My intention there was not to drop names, but to simply make a point. Screw who LinkedIn considers a thought leader (Carl would love how I said that)! That’s not an insult to any of those they’ve chosen, it’s an accolade to you. Whatever thought you’re thinking, whatever problem you’re solving, whatever strides you are making, as long as you can articulate it, you can and will (and do) influence others. Love what you do and just do it.
For me that thing is writing. I don’t do it with the intention of being influential. I’d write even if no one was reading; even if I had no subscribers or fans. If it matters, great. But it’s backward logic to try to figure out what’s relevant or hot and then try to become that.
So am I concerned that LinkedIn doesn’t recognize me (or you) as a Thought Leader or influential person? Not at all. Before LinkedIn existed, I was relevant and long after they’re gone, I expect I will continue to be. Maybe to a few, maybe to many – doesn’t matter. What does matter is that they don’t get to make that call. I do. Brian Tracy said, “Become the kind of leader that people would follow voluntarily; even if you had no title or position.” LinkedIn doesn’t make you a Thought Leader. You do that yourself.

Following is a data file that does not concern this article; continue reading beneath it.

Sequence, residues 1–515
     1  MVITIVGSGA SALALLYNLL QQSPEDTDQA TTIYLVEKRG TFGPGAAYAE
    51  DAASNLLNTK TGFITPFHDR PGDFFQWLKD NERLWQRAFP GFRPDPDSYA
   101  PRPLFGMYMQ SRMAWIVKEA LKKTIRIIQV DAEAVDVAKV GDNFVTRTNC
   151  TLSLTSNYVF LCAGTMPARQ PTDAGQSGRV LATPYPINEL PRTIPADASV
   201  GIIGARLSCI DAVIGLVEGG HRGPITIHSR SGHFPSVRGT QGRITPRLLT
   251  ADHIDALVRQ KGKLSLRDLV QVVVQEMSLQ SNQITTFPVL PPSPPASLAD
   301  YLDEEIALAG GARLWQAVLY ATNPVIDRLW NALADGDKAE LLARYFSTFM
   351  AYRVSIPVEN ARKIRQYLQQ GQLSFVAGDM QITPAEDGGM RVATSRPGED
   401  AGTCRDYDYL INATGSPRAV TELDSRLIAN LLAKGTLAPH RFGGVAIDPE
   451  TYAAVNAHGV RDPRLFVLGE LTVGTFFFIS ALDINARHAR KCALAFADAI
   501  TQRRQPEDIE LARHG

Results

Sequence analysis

But I’m still keeping an eye on this Thought Leader thing and will report back when I find out what’s next on the horizon.
Here are a few of the members on LinkedIn I am currently following and would follow whether or not they were consider Thought Leaders. While I do not necessarily always agree with their points, they are stimulating, thoughtful and thought-provoking communicators.
James Caan - CEO of Hamilton Bradshaw
Recent quote: “Having an opinion about something you are passionate about is not a bad thing, it shows that are actually interested in what is going on around you and your industry.”
Mark Cuban - (Come on, you know who he is, right?)
Recent quote: “Unless your parents are wealthy or you quality for a full ride or something close, the days of picking a school because that is the school you always wanted to go to are gone.”
Nilofer Merchant – The Jane Bond of Innovation
Recent quote: “When you have [sic] point of view about what matters to you and why, your chances of “changing the world” rise exponentially.”
Jeff Selingo – Editor | Author | Columnist | Speaker
Recent quote: “… we’re on the road to creating a two-tiered higher-education system that will ensure we don’t help foster the next generation of students like Michael Bloomberg.”